So having a rigid, substantial, monthly obligation (mortgage payment) to me seems very rigid and very risky, compared to more flexible obligations which can be more easily satisfied during meager times with clever solutions.

Of course, if you DON'T lose your job, and DON'T intend to move, and pay off the mortgage, you can keep living as you were before, only with an extra amount of income every month to do with as you please (save, spend, etc).

Dreamer said...

I still dont see how ploughing all spare case into paying off the mortgage is a "flexible" approach.

Being tied into a fixed rate mortgage is slightly different however, I am not tied into a fixed rate I am on a tracker deal, where the interest rate tracks that of the bank of england, currently paying 2.36% interest. So I disagree that a mortgage is a rigid and fixed amount. I can take a mortgage break, if i'm in dire straights financially i could also rejig the mortgage to an interest only mortgage, all this will lower my monthly obligations.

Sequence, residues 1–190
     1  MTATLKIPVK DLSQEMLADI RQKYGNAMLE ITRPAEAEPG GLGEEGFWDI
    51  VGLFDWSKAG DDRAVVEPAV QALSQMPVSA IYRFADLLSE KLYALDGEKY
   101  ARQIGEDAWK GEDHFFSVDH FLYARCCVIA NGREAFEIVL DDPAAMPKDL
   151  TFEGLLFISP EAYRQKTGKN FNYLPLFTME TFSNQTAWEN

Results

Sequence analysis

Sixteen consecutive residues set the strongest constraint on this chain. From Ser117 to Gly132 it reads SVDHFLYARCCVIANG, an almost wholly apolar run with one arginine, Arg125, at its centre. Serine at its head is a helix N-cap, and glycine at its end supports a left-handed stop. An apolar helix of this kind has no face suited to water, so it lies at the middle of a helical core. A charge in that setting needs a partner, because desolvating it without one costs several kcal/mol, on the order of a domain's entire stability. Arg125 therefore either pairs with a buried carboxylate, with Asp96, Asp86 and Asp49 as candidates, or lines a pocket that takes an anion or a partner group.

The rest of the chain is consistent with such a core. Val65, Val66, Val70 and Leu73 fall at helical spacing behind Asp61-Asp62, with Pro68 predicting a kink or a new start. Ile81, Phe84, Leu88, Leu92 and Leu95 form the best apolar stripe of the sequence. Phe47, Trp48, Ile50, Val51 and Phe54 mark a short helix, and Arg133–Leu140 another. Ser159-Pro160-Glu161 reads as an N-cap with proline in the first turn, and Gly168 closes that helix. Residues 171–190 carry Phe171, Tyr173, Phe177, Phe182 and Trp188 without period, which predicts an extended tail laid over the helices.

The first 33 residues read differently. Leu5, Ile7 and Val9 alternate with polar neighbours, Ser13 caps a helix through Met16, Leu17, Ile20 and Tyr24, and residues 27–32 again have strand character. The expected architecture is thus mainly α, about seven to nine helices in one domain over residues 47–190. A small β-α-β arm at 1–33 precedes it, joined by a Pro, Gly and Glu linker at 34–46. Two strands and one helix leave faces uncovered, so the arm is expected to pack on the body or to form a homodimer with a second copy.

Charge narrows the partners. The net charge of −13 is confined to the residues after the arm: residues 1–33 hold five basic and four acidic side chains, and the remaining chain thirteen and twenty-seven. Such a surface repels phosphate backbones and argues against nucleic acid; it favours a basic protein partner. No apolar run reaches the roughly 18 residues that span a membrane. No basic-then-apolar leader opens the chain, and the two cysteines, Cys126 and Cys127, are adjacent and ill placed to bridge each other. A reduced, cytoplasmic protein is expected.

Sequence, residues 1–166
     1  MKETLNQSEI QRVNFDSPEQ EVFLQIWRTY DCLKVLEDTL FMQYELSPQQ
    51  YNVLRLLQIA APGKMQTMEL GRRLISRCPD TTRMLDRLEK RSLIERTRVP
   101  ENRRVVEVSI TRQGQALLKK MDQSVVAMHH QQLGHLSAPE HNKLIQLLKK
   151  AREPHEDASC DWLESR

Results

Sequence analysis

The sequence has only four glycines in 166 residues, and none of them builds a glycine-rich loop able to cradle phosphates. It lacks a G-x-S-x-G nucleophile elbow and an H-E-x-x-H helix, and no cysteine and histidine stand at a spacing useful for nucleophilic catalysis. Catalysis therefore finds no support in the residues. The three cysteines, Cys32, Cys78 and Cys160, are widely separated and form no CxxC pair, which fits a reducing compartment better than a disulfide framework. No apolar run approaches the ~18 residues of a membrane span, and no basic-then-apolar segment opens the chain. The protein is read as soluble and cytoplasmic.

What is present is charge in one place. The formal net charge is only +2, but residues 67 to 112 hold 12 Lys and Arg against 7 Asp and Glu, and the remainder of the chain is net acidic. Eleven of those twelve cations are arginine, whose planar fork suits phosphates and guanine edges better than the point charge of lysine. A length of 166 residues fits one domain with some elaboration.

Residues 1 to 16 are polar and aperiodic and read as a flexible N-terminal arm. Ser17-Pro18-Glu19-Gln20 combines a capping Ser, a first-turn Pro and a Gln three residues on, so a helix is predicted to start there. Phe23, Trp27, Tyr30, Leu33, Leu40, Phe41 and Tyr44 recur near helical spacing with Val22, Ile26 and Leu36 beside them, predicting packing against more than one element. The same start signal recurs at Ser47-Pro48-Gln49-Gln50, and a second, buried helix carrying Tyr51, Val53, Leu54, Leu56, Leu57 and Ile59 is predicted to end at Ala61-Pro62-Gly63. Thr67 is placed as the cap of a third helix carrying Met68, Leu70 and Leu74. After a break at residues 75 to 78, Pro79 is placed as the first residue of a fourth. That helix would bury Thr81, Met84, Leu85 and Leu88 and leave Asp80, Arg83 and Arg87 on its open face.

If I've paid all my cash into the mortgage I'm a bit stuffed if i've lost my job, got no work, umemployed etc. Perhaps if I was employed by local government and my employment was very stable and i wanted to live in my house for the rest of my life i might think differently.

But I dont, my income is transient and precarious so I have to have flexibility and keep all options open.

The Executioner said...

Dreamer, we are not comparing apples to apples here.

I understand the types of mortgages offered in the UK (and Australia perhaps?) typically allow the user to make flexible payments over time. I do not have firsthand experience with those mortgages, so I am only going on what I have picked up from bloggers outside the US.

The mortgage we have is a fixed-rate mortgage. This is very common in the US. The standard mortgage that is most often quoted is a 30-year, fixed-rate mortgage. The rate does not fluctuate every month, so the borrower knows that the amount owed each month will not change until the mortgage is paid off.